If you live in California, you have no doubt been inundated all spring with photos of your friends and every Instagram model under the sun frolicking in fields of orange poppies alongside the word “Superbloom!” with varying degrees of exclamation points. (PRO DECODER TIP: three “!!!” generally means a 10/10 experience.) While the neon blooms of the Antelope Valley California Poppy Reserve are certainly reminiscent of Dorothy’s intoxicating fields on her way to the merry old land of Oz, we honestly would not recommend this particular destination if you’re looking to get up close and personal with some California blossoms. Officially overrun with way too many visitors who were clearly never taught to “leave no trace”, you have a pretty fat chance of being able to peacefully commune with the beauty of nature at this ever-more-popular spot. But the good news is that due to our record rainfall this past winter, ALL of California is experiencing a Superbloom right now. Just walk outside your front door and you can witness the evidence all around you. But if you are itching for a little wildflower hunting adventure beyond the immediate homefront, we’ve got you covered. Here are our recommendations for experiencing the California Superbloom in all its magnificent floral glory!


Located deep in the heart of the California desert just west of The Salton Sea, Anza-Borrego Desert State Park is a goldmine for the discerning bloom seeker. Definitely not your typical landscape (although flower fields do dot sections of the arid mountainous state park), Anza-Borrego is really all about prickly, fuzzy, spindly desert plants abloom. Walking the desert terrain with the giant ocotillos towering overhead, their wiry arms and bright red blossoms shooting out in every direction, you can’t help but feel that you are somehow simultaneously underwater—as if you just went for a deep-sea dive and find yourself now on the bottom of the ocean floor still drenched in desert sunshine. If Dr. Seuss wrote a book about plants, it would take place here in Anza-Borrego. Short and spiky, tall and twisty, furry and bloomy…the cacti and desert plants become characters all their own that you could swear almost speak to you. I may or may not have had an actual out-loud conversation with a chubby stubby cactus who reminded me of R2-D2. We are not able to confirm these events, but it MAY have happened. If you would like to find some floral desert friends of your very own, they are all waiting to be discovered at Anza-Borrego.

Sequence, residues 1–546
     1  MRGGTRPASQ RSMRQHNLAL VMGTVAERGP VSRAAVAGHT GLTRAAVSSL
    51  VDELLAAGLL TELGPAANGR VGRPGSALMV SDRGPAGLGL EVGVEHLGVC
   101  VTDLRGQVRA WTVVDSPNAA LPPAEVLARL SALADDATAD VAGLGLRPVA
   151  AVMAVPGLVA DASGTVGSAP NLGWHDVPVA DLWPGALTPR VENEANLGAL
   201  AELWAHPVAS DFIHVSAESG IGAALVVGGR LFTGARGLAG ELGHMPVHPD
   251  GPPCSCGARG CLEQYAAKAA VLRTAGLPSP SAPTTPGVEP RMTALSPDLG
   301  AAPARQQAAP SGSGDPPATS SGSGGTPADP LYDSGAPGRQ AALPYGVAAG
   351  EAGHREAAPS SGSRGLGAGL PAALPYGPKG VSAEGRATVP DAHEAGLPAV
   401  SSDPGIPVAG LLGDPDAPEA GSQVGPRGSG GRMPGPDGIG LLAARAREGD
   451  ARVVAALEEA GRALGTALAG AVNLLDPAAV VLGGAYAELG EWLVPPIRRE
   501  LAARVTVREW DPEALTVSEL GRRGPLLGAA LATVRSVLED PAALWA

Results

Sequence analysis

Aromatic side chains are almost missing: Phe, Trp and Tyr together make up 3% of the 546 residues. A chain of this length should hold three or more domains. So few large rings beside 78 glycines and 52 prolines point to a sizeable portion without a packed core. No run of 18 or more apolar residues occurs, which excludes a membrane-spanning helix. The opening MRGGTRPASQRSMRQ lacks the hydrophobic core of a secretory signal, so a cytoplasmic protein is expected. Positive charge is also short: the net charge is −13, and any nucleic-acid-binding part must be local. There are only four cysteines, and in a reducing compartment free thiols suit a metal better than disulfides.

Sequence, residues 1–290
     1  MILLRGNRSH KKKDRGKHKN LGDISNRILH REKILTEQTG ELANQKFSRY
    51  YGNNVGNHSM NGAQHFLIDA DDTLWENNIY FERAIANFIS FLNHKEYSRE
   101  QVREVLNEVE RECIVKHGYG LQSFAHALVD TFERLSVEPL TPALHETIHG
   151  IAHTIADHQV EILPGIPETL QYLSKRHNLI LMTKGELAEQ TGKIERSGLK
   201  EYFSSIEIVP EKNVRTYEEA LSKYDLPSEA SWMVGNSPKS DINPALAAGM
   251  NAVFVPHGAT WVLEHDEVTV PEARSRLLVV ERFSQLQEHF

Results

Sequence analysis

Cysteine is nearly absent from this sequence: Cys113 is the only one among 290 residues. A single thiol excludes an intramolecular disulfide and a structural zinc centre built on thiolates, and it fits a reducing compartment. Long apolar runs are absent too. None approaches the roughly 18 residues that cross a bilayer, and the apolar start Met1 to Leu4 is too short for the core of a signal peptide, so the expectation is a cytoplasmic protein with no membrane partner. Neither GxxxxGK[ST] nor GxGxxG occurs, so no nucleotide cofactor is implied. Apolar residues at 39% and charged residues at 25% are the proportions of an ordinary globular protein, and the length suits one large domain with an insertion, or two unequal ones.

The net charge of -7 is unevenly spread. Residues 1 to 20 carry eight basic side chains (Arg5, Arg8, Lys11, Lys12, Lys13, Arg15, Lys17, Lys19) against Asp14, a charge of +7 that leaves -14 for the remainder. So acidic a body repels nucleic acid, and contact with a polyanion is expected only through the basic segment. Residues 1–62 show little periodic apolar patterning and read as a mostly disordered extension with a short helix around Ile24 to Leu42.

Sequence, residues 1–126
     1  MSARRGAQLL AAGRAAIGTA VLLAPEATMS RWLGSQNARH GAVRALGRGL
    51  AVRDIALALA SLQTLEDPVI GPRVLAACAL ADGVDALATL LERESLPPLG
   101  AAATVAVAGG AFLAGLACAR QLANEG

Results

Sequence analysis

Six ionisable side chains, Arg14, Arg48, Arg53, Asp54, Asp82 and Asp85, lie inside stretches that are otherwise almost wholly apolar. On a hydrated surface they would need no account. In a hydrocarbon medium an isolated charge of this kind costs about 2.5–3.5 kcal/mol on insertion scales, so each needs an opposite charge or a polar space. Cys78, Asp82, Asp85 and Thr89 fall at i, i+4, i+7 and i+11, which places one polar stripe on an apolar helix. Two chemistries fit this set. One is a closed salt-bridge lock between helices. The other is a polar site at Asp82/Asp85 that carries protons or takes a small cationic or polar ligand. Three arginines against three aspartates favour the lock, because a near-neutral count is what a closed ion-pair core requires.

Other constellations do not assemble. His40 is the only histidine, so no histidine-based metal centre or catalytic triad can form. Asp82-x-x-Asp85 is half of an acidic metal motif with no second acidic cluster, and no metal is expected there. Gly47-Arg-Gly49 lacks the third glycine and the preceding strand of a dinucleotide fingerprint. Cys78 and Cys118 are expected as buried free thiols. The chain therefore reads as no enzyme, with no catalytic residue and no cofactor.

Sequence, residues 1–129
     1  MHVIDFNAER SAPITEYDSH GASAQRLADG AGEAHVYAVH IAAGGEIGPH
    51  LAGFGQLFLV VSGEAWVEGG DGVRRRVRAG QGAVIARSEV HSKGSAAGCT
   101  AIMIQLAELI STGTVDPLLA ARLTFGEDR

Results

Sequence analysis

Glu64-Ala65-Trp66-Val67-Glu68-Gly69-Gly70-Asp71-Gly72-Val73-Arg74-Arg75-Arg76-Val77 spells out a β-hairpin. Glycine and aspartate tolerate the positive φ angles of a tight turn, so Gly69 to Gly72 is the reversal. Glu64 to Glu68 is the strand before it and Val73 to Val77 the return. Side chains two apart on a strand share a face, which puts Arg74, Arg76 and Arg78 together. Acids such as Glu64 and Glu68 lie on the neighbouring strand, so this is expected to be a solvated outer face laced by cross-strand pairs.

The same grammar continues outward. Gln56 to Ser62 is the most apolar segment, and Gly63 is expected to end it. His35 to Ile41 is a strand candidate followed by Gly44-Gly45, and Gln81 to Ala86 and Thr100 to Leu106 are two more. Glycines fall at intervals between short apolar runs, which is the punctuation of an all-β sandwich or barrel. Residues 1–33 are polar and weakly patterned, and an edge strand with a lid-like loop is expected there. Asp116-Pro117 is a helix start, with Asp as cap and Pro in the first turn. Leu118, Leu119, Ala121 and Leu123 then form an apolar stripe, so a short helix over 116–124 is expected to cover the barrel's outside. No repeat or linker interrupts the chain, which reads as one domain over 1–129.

Continuing on the desert wildflower hunt, Joshua Tree National Park is also experiencing the gorgeous side-effects of the superbloom. Although here, the “superness” is far subtler. You have to keep your eyes peeled as you travel through the park since this bloom will not hit you over the head with obvious huge swaths of bushy flowers. But wildflowers are indeed everywhere. Look down at your feet, look closely, and suddenly you realize there are teeny gorgeous wildflowers of every color and variety spread across the desert floor like an old English fairy garden. Alice could have easily wandered through these whimsical tiny beauties during her adventures in Wonderland. Delicate purple, violet, pink, cream and yellow flowers dance and bob about in the wind, forcing you to become super present as you zero in on each new find…a true treasure hunt where every new discovery brings a little more joy and wonder to the desert flower seeker. With the cacti here adorned in bright red and yellow blooms like gorgeous Spanish dancers and the Joshua trees themselves growing in thick forest formations, there is even more beauty to behold here if you are willing to get beyond the obvious and allow each new step to be its own magnificent discovery.